For instance, smaller companies can easily adapt to market fluctuations and put more TLC into their products than larger companies do. Larger companies are usually run by accountants who have a very myopic goal in mind: make money. Not that it's a horrible goal, but the way larger companies are forced to go about getting that money removes the detail and finesse that smaller companies can put into their products. I won't even go into customer support, but you get the picture.

I definitely recommend you read anything by Seth Godin. After this book, I'm going to read "The Dip." I hear it's pretty decent. Incidentally, if you want to learn more about Seth, you can read his blog here.

The Art of Affiliate Marketing War

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Last night, I was reading the Art of War as I was inspired by watching Wall Street to do so. In one particular scene, Gordon Gekko says:

"I don't throw darts at a board. I bet on sure things. Read Sun-tzu, The Art of War. Every battle is won before it is ever fought.."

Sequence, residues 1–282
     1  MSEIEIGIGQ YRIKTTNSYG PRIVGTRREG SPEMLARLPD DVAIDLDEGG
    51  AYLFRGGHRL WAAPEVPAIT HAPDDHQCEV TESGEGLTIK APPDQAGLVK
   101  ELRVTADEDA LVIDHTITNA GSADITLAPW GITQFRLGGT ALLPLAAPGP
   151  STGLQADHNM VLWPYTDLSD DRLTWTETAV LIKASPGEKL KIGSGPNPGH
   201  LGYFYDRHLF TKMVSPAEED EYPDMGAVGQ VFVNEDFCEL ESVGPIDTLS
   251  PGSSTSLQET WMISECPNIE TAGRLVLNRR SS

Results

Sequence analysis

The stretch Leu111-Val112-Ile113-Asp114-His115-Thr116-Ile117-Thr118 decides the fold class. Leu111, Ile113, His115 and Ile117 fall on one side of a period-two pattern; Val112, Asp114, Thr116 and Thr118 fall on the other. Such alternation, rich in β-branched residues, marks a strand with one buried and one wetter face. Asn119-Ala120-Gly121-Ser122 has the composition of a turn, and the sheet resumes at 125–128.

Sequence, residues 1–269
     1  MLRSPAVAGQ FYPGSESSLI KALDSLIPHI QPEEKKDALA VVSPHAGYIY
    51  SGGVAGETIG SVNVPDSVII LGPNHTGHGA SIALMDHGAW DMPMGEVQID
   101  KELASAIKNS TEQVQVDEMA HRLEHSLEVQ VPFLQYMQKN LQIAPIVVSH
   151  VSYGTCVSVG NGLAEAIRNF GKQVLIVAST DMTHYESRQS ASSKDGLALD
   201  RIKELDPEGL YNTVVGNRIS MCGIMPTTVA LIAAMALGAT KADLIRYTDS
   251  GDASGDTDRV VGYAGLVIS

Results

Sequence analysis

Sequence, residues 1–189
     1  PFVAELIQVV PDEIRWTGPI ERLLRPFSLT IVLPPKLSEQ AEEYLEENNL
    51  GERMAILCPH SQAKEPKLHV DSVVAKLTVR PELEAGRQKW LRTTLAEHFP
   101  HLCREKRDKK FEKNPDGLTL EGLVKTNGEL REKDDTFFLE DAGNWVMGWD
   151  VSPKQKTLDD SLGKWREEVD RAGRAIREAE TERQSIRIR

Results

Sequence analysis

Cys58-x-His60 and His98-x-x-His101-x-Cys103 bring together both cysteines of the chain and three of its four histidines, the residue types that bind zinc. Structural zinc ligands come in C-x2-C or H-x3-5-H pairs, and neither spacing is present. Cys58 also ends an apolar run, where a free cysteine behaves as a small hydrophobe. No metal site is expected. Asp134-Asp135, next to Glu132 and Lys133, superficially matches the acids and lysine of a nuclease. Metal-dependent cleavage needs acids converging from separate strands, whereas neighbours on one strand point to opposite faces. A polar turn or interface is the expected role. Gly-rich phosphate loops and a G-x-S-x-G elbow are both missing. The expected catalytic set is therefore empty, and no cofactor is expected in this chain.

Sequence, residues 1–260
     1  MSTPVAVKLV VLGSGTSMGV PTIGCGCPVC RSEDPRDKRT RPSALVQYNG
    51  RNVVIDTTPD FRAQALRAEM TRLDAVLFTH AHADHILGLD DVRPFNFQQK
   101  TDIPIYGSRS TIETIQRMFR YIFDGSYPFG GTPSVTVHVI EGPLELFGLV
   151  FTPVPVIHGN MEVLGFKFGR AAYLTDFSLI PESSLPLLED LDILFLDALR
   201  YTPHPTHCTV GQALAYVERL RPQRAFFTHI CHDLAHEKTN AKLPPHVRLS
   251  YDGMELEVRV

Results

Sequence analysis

Now I don't know about you, but that inspires me to be even better at my game. So much so that I went out and got a copy of The Art of War by Sun Tzu and read through it just to see what it had to say. After all, wisdom doesn't come out of no where, it's perfected out of trial and error.

There are several key parts to The Art of War that I felt were inspirational:

Laying Plans, 26: Now the general who wins a battle makes many calculations in his temple ere the battle is fought. The general who loses a battle makes but few calculations beforehand. Thus do many calculations lead to